Under the terms of the agreement, the town agreed to reduce the size of the park by 1,000 square feet, to monitor traffic around the Union Hill neighborhood, and to take over maintenance of the park after it is built.

BASIC and its design team agreed to consider acoustic barriers to reduce noise.

Last July, the Development Review Board (DRB) approved a plan for a 12,000-square-foot skatepark at the Crowell Lot. That decision came after the town School Board approved, pending some details on the lease, the transfer of control of a portion of the Crowell Lot to the town, and the Recreation and Parks Department, for the project. That lease set a deadline of five years for completion.

SOPC, a group that opposes the skatepark that formed not long after the DRB’s ruling, based its opposition on noise, impact on the neighborhood, and the threat the park posed to a number of trees in the Crowell Lot.

Adams said he believes this case shows the limitations of a process that many residents are completely unfamiliar with.

“One hundred and forty-two individuals were concerned enough about Crowell Park, their neighbors, and our neighborhood to sign a petition and/or speak in support of SOPC’s mission and efforts. That should inspire us all. However, many of them stated they were unaware of the DRB process, the community meetings, and/or the proposed plan itself,” he said.

“This additional failure of our local process, ostensibly built on the values of inclusion and locally based decision making, could have been avoided if those who are easily recognized as likely to be significantly impacted by development proposals are engaged very early on,” Adams added. “A notice in the paper that invites stakeholders who are not savvy about the process does not constitute community ‘engagement.’”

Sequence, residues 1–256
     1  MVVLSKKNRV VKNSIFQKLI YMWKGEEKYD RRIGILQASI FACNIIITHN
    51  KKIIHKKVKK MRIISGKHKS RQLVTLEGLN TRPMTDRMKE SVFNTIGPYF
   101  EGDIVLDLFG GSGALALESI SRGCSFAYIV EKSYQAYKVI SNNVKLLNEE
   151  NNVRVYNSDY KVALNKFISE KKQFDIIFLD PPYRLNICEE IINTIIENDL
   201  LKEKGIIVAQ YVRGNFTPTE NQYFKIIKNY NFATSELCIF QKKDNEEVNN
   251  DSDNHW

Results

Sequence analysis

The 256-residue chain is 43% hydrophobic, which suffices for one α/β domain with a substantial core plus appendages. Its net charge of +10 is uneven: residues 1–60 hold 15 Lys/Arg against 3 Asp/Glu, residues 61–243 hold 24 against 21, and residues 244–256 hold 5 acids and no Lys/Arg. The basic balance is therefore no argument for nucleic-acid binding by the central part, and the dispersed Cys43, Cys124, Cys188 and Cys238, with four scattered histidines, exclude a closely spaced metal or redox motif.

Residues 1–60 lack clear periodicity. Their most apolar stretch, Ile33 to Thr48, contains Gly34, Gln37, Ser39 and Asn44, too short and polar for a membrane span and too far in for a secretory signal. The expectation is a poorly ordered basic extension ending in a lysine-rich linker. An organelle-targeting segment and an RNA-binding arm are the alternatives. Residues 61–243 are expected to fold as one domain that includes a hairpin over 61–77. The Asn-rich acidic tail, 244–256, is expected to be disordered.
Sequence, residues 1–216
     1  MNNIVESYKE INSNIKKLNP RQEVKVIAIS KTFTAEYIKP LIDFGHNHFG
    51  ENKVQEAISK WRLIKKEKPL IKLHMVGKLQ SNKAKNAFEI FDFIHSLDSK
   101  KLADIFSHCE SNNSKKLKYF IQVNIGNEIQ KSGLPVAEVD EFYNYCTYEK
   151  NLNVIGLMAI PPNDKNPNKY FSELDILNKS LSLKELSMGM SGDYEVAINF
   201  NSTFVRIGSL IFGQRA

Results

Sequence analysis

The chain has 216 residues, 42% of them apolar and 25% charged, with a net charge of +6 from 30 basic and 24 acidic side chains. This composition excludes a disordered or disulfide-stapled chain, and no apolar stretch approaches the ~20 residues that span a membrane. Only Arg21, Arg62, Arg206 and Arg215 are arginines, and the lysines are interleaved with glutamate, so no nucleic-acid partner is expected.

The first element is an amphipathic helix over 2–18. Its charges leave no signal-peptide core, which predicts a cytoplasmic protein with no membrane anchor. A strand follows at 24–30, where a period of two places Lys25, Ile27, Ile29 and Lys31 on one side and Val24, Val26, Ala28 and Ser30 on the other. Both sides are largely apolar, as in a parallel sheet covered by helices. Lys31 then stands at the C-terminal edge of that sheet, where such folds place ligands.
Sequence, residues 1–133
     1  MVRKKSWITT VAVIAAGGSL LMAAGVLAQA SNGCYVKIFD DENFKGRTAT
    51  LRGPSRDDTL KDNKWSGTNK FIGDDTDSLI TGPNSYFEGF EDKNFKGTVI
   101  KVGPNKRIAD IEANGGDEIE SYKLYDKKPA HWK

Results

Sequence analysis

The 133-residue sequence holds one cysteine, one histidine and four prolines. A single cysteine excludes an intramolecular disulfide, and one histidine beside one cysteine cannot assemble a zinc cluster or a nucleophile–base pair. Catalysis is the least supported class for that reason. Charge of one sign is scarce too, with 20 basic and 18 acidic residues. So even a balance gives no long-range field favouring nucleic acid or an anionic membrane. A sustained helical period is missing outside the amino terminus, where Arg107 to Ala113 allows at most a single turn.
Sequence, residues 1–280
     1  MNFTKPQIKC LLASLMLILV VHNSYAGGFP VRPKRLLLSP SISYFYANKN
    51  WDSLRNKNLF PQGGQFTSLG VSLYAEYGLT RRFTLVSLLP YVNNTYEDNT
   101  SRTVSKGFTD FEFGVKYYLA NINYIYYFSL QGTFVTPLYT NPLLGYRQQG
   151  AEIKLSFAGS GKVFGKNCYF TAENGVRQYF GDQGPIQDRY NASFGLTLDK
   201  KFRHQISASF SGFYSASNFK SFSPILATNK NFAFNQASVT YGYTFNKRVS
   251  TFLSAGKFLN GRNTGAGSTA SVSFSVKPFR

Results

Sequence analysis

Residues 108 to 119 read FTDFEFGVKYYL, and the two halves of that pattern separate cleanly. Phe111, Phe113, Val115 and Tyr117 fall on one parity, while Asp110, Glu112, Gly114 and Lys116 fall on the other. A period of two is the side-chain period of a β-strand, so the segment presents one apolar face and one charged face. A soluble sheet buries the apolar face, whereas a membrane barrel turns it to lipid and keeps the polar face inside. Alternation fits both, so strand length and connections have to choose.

Some SOPC members who were at last week’s Selectboard meeting still aren’t happy that the skatepark appears to be going forward. Sondag encouraged them to go to the monthly skatepark committee meetings and to become more involved in the process.

Despite the months of legal limbo, BASIC continued its fundraising for the skatepark. It recently received a $14,000 grant from the Vermont Department of Buildings and General Services, which pushes the amount already raised for the project to about $64,000.

The project will ultimately cost $300,000.

BASIC hopes to reach its fundraising goal over the next 18 months. “Now, we can really start raising money, and put out a RFP [request for proposal] for a design/build contract,” Hubbard said. “This is a huge step forward.”

In the end, Adams said he was grateful to Hubbard and others “for their commitment to advancing peace and broadening my own perspective,” but still believed the months of litigation served an important purpose.

“I continue to believe that this is planning and process, at its worst,” he said. “I also believe the court appeal held meaningful merit in its questions.”

“I am very satisfied and happy that SOPC members are proactive and worked very hard to learn more about the issues, while seeking the strongest evidence we could find: evidence that could lead to a much better plan for Brattleboro’s skateboarders while also preserving a wonderful neighborhood playground and real town asset,” Adams said.

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Originally published in The Commons issue #142 (Wednesday, March 7, 2012).